Suasion, Sure, But Is It Really Moral?

One of the concepts educators sort of snuck into the curriculum was something they called “moral suasion”. This term has meanings outside of Economics, but within the discipline, it refers to one key element to the monetary policies of central banks. Basically, persuading markets or economic groups to act in the way officials want using rhetoric or threats without having to resort to overt and explicit means.

If central bankers have walked softly all these years, the so-called big stick they told you they carried with them was what Ben Bernanke had openly talked about the government’s “printing press” all the way back in November 2002. People took him literally when he was really doing this as a way to more forcefully back up the rhetorical method of moral suasion. If you fight the Fed, he was saying, then you’ll be sorry.

So don’t fight. Please.

This thing is powerful that it can conjure the exact mode necessary at just the right time. Under threat of deflation, the very subject of his talk, that would mean a forcefully inflationary path back to growth and health; and if it gets to that, you better get out of the press’ way. As Bernanke put it:

Like gold, U.S. dollars have value only to the extent that they are strictly limited in supply. But the U.S. government has a technology, called a printing press (or, today, its electronic equivalent), that allows it to produce as many U.S. dollars as it wishes at essentially no cost. By increasing the number of U.S. dollars in circulation, or even by credibly threatening to do so, the U.S. government can also reduce the value of a dollar in terms of goods and services, which is equivalent to raising the prices in dollars of those goods and services. We conclude that, under a paper-money system, a determined government can always generate higher spending and hence positive inflation. [emphasis added]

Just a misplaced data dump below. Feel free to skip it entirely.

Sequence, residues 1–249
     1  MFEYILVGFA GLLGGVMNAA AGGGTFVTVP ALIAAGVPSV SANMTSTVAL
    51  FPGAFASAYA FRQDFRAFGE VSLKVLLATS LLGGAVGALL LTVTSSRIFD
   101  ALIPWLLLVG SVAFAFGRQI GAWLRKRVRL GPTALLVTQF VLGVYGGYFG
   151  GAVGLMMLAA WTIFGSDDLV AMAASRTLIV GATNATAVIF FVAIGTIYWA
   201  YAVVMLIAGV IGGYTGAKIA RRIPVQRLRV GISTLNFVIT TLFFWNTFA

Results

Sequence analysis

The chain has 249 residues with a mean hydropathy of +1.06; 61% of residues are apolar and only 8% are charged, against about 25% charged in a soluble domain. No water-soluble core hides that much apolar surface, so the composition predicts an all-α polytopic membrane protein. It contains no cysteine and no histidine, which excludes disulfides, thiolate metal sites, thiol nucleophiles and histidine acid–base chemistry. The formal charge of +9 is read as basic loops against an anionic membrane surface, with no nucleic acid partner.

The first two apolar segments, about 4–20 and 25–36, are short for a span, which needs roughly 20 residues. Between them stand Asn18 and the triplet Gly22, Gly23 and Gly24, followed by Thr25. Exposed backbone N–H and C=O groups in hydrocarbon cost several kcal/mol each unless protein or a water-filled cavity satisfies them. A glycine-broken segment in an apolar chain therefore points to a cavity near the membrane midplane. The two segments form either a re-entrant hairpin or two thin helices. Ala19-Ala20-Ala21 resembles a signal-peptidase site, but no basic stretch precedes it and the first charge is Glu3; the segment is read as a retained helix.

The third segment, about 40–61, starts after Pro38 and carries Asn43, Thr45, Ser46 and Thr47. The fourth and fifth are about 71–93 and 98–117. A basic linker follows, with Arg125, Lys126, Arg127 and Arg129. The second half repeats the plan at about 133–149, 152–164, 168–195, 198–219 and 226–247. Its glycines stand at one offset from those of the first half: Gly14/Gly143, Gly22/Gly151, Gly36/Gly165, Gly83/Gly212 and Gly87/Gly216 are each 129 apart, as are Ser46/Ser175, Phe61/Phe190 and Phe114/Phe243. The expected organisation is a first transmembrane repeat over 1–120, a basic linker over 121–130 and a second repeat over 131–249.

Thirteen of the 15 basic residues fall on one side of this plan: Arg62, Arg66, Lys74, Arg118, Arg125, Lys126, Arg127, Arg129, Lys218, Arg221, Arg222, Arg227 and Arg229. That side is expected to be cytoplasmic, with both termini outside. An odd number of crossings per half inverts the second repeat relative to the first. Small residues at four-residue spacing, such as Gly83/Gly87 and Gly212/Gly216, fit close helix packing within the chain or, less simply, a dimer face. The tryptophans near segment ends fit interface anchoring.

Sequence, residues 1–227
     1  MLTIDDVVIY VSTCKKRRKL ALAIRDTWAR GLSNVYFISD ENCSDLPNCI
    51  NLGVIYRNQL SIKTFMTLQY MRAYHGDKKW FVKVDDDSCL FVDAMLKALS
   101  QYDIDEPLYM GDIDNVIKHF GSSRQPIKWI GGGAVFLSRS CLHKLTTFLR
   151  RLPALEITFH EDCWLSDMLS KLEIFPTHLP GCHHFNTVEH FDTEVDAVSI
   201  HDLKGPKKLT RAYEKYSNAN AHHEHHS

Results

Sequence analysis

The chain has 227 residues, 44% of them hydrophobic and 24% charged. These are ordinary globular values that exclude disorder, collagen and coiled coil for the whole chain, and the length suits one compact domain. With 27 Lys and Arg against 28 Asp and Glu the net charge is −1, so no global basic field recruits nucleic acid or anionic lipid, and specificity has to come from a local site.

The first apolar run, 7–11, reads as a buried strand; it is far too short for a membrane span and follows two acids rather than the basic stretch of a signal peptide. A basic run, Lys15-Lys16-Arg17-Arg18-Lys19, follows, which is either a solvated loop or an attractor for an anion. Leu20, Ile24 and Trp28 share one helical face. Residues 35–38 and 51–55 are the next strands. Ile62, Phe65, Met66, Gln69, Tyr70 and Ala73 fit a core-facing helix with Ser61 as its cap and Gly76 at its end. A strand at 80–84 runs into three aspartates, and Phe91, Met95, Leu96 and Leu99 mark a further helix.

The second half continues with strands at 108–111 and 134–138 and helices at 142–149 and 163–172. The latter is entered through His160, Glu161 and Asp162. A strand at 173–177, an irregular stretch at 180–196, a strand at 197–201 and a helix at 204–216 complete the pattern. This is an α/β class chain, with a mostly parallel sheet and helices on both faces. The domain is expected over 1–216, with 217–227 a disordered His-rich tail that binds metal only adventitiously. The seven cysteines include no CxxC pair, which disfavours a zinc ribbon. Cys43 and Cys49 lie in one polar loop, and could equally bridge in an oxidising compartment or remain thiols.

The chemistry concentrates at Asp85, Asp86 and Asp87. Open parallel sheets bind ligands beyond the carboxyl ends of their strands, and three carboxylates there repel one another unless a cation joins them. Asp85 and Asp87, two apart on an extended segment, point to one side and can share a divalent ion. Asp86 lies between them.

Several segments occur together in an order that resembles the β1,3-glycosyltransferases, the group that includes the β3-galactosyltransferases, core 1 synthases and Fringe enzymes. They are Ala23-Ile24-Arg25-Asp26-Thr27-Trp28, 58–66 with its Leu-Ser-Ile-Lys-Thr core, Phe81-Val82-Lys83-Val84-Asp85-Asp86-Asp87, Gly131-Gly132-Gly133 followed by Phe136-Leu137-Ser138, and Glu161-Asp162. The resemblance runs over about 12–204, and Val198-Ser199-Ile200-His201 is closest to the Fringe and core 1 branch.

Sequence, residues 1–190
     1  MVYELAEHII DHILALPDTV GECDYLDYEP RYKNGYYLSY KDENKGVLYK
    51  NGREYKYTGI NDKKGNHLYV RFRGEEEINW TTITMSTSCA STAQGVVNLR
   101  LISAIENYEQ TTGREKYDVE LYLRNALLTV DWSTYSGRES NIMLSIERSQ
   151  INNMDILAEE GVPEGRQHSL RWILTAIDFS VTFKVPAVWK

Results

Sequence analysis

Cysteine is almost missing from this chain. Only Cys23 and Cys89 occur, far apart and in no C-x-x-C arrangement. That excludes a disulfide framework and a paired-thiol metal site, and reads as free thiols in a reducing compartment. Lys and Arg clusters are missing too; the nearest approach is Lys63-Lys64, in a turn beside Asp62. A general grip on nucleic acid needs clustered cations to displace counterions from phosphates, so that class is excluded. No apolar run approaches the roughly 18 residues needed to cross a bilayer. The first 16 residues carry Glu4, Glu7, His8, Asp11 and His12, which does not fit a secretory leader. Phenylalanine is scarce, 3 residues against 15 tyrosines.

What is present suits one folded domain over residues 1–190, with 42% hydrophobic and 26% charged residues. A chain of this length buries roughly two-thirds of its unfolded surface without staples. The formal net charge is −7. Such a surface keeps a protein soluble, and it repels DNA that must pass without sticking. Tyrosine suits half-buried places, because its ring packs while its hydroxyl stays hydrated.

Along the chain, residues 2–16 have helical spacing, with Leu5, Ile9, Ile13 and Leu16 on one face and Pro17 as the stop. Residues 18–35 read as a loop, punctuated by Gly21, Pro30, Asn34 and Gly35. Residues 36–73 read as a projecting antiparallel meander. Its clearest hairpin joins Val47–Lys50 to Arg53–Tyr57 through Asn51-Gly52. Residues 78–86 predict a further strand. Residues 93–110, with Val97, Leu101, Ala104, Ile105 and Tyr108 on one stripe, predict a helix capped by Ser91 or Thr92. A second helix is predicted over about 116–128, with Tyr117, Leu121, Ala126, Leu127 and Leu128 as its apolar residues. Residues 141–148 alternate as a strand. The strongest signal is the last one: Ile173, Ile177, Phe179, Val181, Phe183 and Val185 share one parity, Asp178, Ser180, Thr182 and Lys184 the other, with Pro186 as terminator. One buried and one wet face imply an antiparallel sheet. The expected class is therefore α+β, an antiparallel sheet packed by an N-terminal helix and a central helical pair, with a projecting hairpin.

You no doubt recognize Jay Powell’s “digital money printing” and “flood” in what his predecessor’s predecessor was claiming.

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Disclosure: This material has been distributed for informational purposes only. It is the opinion of the author and should not be considered as investment advice or a recommendation of any ...

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